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Electronic Colloquium on Computational Complexity

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REPORTS > AUTHORS > EYLON YOGEV:
All reports by Author Eylon Yogev:

TR18-213 | 28th December 2018
Moni Naor, Merav Parter, Eylon Yogev

The Power of Distributed Verifiers in Interactive Proofs

Revisions: 1

We explore the power of interactive proofs with a distributed verifier. In this setting, the verifier consists of $n$ nodes and a graph $G$ that defines their communication pattern. The prover is a single entity that communicates with all nodes by short messages. The goal is to verify that the ... more >>>


TR17-015 | 4th February 2017
Ilan Komargodski, Moni Naor, Eylon Yogev

White-Box vs. Black-Box Complexity of Search Problems: Ramsey and Graph Property Testing

Revisions: 1

Ramsey theory assures us that in any graph there is a clique or independent set of a certain size, roughly logarithmic in the graph size. But how difficult is it to find the clique or independent set? If the graph is given explicitly, then it is possible to do so ... more >>>


TR16-199 | 15th December 2016
Pavel Hubacek, Moni Naor, Eylon Yogev

The Journey from NP to TFNP Hardness

The class TFNP is the search analog of NP with the additional guarantee that any instance has a solution. TFNP has attracted extensive attention due to its natural syntactic subclasses that capture the computational complexity of important search problems from algorithmic game theory, combinatorial optimization and computational topology. Thus, one ... more >>>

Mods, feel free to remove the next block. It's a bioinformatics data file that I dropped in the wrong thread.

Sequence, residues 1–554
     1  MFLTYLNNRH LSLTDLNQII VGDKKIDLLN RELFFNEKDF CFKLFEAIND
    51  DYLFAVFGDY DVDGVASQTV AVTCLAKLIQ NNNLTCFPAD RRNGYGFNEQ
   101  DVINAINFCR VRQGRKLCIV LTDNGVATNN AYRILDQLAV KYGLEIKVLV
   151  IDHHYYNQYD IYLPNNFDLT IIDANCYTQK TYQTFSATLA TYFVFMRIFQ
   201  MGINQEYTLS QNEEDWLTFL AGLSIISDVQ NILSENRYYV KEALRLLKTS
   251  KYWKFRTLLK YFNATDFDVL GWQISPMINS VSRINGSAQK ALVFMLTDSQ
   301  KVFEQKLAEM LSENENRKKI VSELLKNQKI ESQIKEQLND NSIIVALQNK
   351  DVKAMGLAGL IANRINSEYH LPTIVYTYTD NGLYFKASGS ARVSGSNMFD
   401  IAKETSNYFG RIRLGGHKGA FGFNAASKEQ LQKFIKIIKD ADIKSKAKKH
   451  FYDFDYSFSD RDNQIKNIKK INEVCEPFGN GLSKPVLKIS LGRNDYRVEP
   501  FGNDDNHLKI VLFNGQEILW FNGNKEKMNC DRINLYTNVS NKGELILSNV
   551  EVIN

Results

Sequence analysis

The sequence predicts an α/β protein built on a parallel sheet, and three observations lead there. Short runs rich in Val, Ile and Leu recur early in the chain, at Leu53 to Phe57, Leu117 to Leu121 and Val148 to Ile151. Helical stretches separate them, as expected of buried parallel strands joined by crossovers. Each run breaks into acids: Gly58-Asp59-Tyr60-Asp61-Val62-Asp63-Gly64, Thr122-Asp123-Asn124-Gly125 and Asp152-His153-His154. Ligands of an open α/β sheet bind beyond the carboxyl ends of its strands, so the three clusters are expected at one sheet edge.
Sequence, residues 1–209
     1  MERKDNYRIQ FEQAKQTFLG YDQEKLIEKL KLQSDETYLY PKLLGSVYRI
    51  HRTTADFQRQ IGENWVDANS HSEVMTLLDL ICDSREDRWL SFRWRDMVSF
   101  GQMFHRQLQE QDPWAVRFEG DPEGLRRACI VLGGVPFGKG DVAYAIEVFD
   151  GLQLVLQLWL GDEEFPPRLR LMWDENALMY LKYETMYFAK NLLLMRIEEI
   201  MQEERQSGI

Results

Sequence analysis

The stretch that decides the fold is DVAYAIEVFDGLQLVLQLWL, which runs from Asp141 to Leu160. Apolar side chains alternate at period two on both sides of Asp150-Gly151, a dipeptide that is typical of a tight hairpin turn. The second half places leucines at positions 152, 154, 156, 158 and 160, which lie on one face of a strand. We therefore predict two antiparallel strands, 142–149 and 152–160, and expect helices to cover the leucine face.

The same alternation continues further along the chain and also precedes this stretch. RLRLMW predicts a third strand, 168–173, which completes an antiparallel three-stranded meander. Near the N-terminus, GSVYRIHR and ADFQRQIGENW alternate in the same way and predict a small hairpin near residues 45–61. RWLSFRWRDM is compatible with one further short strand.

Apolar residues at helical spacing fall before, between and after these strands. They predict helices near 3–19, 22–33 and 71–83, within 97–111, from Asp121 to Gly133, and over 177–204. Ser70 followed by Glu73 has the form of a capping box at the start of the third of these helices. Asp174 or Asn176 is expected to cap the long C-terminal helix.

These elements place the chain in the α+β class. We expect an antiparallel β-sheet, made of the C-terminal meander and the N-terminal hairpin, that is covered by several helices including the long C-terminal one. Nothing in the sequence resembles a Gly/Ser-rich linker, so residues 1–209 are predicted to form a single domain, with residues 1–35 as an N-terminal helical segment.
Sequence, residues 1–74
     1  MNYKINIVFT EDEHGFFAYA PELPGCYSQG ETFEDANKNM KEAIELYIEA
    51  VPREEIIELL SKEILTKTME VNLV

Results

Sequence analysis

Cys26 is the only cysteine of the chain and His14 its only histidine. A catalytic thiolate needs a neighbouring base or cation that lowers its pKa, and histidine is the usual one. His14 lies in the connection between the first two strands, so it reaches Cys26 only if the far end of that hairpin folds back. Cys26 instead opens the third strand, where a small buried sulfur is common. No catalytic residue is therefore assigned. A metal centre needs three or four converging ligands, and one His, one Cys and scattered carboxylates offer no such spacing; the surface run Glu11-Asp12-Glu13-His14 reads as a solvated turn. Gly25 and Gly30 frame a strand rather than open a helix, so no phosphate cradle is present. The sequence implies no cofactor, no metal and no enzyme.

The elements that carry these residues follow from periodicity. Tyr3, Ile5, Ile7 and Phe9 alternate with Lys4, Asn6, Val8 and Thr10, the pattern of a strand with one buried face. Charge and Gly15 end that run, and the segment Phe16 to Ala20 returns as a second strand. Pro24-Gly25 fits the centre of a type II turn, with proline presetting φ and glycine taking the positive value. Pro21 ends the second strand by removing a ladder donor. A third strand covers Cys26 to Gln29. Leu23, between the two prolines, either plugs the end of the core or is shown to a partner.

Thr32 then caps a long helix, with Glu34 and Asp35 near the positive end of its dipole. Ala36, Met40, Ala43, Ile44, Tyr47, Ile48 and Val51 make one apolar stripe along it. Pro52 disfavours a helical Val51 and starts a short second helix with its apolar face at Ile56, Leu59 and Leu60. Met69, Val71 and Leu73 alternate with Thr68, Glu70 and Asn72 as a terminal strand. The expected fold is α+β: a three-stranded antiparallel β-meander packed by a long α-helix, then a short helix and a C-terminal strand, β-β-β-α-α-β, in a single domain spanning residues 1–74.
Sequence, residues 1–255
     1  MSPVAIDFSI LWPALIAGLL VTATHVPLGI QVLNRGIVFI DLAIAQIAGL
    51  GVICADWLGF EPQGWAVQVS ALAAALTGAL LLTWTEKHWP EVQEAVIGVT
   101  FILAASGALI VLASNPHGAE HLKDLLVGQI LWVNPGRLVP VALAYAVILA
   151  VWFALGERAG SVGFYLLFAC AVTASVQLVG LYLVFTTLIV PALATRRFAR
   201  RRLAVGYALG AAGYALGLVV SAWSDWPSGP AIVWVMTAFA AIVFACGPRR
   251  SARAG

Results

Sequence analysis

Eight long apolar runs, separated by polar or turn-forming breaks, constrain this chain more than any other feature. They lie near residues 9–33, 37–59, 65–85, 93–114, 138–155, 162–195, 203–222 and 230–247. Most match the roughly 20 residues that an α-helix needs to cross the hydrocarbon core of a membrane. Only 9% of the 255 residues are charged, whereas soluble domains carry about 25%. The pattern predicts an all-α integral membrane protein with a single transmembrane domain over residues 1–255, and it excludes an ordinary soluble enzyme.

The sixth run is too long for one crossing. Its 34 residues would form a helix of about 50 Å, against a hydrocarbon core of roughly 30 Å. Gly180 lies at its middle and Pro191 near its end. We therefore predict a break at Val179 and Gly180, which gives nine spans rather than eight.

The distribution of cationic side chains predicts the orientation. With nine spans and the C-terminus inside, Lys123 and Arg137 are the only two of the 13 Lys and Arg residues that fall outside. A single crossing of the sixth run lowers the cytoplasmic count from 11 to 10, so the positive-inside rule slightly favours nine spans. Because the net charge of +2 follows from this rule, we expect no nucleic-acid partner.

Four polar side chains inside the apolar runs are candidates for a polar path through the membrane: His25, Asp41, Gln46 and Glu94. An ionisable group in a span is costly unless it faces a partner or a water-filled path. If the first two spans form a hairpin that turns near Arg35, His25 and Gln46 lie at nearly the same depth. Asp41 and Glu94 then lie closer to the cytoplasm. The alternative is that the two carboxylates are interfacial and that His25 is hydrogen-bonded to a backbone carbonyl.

TR16-063 | 18th April 2016
Pavel Hubacek, Eylon Yogev

Hardness of Continuous Local Search: Query Complexity and Cryptographic Lower Bounds

Revisions: 1

Local search proved to be an extremely useful tool when facing hard optimization problems (e.g. via the simplex algorithm, simulated annealing, or genetic algorithms). Although powerful, it has its limitations: there are functions for which exponentially many queries are needed to find a local optimum. In many contexts the optimization ... more >>>


TR16-023 | 23rd February 2016
Ilan Komargodski, Moni Naor, Eylon Yogev

How to Share a Secret, Infinitely

Revisions: 4

Secret sharing schemes allow a dealer to distribute a secret piece of information among several parties so that any qualified subset of parties can reconstruct the secret, while every unqualified subset of parties learns nothing about the secret. The collection of qualified subsets is called an access structure. The best ... more >>>




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